The wall tiles are all placed as x=0, y=0, with varying z. I tested with a single light placed at x=20, y=20, z=-20 and the artifacts still appear, most noticeably when viewing at an angle that would cause the sides to be the brightest.

 

Good suggestion about AA but I checked and that wasn't enabled for this testing, and nothing's being forced with the graphics card either. 

 

Is there some way to not light these faces at all? Or would I then just be getting black pixel artifacts instead?

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The first image displays cracks between the tiles. This is caused when the two objects are not completely aligned with each other, which can happen for various reasons including floating point in accuracies. This can be solved by ensuring that the vertices from one block align exactly with the neighboring vertices in the next block.

Typically this means ensuring that both objects have vertex positions that are exactly completely aligned and that the blocks themselves are also spaced such that the vertices neighbor each other will also be 100% on the same positions. However even if this is true with the blocks before the vertex shader, passing a different matrix inside of the vertex shader can result in tiny discrepancies which can result in these holes between the two blocks.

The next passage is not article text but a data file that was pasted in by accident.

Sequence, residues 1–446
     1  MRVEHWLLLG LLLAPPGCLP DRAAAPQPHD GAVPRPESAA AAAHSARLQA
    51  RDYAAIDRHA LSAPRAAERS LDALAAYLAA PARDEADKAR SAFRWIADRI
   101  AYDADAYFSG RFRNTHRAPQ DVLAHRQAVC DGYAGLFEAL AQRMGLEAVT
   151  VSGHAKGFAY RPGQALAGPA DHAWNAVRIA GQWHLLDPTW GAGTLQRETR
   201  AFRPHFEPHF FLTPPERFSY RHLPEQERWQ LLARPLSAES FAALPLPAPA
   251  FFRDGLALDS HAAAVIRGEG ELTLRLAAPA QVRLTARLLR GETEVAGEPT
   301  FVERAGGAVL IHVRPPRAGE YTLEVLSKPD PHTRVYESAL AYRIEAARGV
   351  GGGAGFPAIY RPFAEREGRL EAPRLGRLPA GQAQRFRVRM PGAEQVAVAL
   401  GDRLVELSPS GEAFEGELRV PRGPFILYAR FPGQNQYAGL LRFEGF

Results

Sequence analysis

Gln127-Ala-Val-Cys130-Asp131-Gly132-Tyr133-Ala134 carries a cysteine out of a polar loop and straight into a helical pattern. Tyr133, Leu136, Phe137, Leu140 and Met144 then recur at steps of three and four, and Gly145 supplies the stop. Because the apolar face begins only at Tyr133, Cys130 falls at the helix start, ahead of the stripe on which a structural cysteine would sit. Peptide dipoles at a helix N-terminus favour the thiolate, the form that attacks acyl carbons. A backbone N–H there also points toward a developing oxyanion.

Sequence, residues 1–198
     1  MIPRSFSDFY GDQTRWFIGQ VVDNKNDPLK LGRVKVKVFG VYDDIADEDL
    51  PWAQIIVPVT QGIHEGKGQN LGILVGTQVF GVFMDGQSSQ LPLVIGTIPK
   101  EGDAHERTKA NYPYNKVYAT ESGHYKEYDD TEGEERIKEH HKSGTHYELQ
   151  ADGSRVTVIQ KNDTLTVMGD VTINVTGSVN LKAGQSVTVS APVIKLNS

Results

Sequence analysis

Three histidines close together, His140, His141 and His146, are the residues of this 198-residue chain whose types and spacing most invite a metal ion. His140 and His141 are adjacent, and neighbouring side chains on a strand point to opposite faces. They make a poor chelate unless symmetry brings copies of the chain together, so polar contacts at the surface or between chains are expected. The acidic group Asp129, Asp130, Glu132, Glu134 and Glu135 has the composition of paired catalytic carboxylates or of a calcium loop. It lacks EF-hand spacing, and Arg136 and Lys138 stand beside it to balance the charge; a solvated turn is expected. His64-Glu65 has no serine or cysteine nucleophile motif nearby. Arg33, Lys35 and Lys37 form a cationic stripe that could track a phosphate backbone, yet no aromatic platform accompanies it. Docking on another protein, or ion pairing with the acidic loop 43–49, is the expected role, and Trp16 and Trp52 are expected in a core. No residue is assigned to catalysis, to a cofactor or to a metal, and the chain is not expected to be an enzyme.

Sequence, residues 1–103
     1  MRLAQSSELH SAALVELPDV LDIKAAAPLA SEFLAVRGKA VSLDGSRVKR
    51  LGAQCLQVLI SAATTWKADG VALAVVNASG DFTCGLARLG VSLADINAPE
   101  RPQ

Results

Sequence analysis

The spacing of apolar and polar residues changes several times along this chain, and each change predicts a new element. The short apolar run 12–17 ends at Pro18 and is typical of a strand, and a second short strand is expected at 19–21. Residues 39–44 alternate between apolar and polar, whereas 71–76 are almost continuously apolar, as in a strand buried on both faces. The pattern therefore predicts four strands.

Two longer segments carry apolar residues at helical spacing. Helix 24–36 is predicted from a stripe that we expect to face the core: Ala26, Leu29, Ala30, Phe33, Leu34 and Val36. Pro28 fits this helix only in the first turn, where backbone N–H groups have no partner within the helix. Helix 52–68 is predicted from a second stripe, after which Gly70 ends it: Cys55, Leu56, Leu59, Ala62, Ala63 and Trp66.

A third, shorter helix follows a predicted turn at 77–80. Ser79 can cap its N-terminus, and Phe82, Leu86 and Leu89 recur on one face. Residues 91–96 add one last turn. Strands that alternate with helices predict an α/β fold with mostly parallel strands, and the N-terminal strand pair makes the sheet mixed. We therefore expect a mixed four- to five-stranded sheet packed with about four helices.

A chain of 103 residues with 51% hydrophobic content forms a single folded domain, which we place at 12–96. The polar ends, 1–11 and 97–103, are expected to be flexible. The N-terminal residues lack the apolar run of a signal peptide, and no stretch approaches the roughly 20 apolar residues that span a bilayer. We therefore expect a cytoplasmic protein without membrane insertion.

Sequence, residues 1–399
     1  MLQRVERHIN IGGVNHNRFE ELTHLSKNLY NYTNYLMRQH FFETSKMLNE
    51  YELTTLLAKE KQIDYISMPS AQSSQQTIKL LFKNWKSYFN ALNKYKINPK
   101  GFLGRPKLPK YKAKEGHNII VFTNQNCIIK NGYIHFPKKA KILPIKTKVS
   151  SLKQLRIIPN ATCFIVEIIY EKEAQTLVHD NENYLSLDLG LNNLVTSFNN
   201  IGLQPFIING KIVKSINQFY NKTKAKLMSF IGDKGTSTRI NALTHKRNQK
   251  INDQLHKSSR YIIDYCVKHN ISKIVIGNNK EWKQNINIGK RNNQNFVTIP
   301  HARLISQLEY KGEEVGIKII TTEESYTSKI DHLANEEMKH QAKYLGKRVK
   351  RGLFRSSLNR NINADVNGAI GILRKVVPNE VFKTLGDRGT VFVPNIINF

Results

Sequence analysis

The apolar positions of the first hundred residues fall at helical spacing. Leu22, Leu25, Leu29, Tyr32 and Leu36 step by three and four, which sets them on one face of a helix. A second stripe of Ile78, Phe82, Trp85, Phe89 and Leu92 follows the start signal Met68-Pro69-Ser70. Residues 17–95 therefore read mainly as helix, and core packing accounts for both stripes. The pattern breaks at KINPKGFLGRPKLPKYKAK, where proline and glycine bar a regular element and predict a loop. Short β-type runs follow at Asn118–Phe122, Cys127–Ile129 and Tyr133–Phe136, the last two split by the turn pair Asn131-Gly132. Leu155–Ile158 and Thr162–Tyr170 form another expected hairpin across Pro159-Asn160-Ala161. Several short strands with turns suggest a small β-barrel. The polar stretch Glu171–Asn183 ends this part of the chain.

A possible easy way to fix this is to round the values off inside of the vertex shader to the nearest small unit such as 0.0125 or so after transforming them by the world matrix (and ensuring that the exact same view projection matrix is used).

The second picture's problem is not clear but could indicate Z-fighting.
There are many topics and strategies for combating this issue, and by searching for that term you should be able to find one suitable for your current situation.